When it comes to building structures, the rules are black-and-white about what stands and what falls down—that’s just physics, which is the foundation of architecture. But the rules become gray when it comes to defining the architecture of my “ceramic” landscapes. There are no ground rules for constructing in this unusual terrain that I stumbled into.
As a ceramic artist involved with making organically shaped and primitively fired porcelain vessels, I was focused solely on the finished ceramic pieces until, through photographing my work, I discovered an interplay between clay and sunlight. This eureka moment opened my eyes to a new way of seeing.
By exposing my hand-built vessels to natural light, I unlocked the door to a microcosm that had long been dormant. Taking my three-dimensional art into a two-dimensional medium by deconstructing my vessels into an abstract format became new creative work for me.
My photographic process simply involved carefully placing selected pieces (in stages from greenware to bisqueware to smoke-fired ware) in the sunlight that came through the windows of my home. I then carefully “sketched” with my camera by playing with the light and shadow on the piece, taking picture after picture until the right image came into focus.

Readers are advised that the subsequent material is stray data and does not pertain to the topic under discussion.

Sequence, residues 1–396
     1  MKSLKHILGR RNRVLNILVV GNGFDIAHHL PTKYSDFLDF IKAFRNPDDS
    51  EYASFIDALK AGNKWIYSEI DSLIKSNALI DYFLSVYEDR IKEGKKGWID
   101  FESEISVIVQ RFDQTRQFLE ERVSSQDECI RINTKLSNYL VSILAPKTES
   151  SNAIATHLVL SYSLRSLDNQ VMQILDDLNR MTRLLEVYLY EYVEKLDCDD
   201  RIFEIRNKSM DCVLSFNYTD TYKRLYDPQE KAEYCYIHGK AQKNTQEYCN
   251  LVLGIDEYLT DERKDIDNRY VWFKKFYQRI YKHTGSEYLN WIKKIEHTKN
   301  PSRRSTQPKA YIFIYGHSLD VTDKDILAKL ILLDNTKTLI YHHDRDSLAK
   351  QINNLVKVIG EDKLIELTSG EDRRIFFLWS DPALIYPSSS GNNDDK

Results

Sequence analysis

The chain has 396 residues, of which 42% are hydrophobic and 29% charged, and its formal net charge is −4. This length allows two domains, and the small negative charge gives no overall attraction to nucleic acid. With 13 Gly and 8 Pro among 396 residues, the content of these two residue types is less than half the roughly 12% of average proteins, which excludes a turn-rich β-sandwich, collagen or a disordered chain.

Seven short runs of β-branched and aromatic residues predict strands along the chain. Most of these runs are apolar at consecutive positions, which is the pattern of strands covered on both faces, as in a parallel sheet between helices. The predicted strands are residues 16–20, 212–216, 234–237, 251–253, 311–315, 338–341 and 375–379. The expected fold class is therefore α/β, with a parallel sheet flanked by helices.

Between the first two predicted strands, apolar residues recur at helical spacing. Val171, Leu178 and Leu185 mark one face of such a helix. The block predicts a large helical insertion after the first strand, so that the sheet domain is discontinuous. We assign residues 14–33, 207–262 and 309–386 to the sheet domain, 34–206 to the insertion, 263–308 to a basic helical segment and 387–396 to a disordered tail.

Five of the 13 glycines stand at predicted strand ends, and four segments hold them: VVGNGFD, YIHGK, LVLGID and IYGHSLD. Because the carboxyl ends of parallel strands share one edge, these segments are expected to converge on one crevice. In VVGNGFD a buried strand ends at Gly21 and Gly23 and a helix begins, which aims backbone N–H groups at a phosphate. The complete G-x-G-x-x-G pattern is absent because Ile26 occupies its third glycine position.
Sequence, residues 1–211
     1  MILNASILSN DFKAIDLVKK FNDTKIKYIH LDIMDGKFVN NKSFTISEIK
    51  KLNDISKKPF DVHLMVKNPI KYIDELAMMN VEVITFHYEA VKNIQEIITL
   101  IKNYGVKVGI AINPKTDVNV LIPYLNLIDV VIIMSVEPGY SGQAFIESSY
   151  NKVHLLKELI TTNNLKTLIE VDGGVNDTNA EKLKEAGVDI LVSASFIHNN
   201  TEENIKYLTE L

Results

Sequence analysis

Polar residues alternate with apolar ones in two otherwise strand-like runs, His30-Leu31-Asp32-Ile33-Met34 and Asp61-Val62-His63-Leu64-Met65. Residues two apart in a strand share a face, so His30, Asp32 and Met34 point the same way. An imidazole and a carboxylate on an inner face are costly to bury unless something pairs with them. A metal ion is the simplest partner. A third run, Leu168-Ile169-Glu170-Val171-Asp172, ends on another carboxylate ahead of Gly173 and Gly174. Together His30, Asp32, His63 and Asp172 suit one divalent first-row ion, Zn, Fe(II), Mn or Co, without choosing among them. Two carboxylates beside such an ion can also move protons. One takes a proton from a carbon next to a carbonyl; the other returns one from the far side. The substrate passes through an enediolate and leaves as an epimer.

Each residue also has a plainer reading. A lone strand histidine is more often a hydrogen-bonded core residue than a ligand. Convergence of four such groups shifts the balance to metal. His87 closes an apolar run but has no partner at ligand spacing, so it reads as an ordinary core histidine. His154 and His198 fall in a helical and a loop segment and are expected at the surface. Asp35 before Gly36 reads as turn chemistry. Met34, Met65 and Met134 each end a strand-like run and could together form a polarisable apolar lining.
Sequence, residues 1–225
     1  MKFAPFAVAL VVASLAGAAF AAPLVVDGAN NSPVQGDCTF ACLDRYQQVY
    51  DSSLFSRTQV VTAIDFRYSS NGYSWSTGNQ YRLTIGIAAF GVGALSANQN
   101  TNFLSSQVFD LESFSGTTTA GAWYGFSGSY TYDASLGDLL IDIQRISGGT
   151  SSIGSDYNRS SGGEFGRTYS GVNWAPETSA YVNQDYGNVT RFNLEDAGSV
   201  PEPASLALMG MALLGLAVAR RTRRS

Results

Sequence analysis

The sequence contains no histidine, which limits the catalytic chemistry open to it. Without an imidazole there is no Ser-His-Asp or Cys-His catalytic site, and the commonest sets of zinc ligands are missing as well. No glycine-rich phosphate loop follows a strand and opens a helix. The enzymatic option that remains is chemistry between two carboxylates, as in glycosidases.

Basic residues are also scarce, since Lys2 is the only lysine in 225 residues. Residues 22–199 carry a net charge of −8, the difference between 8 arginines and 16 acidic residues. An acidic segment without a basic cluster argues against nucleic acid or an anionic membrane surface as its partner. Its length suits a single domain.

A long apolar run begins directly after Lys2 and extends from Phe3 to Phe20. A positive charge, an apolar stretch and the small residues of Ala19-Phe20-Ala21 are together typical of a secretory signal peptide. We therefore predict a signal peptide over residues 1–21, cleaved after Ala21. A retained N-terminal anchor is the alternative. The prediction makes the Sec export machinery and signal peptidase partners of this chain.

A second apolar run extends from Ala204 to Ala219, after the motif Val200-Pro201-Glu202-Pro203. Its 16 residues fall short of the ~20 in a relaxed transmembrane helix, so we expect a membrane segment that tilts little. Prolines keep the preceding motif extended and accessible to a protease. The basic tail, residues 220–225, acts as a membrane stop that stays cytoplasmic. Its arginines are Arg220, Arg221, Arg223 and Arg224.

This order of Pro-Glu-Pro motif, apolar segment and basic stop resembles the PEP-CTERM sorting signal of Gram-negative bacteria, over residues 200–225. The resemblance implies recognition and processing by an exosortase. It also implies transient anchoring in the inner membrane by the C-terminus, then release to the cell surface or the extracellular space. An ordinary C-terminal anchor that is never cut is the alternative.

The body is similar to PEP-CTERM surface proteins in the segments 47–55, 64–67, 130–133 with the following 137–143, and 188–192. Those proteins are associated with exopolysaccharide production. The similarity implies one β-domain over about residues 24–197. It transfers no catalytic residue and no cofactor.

The resulting un-manipulated images did not have a focal point yet evoked a sense of familiarity in the way that they appeared as landscapes. Although I don’t intend for my work to have a trompe l'œil effect, my two-dimensional imagery does confuse the viewer into believing the scenes are captured from the natural world, not a contrived one. The ambiguous content of the images also allows them to be a viewed either vertically or horizontally, which creates a Rorschach effect.
I create my raw clay and fired ceramic vessels using an untraditional architectural framework (no load-bearing walls), and they have provided me a new architectural awareness through their confluence with light. The moment clay, light, and photography merge, something new takes shape. That “something” is a ceramic landscape—the architecture within my work.
After several years of using the camera as a tool, creating a two-dimensional clay landscape has become as much a natural component of my work as the clay itself. There is no end to the imagery I’m able to produce because each new piece exposes another, different miniature world and reshapes how I see my art.
Anais Nin said, “We don’t see things as they are, we see them as we are.” My photography calls upon its viewer to see their own architecture in the ceramic landscape.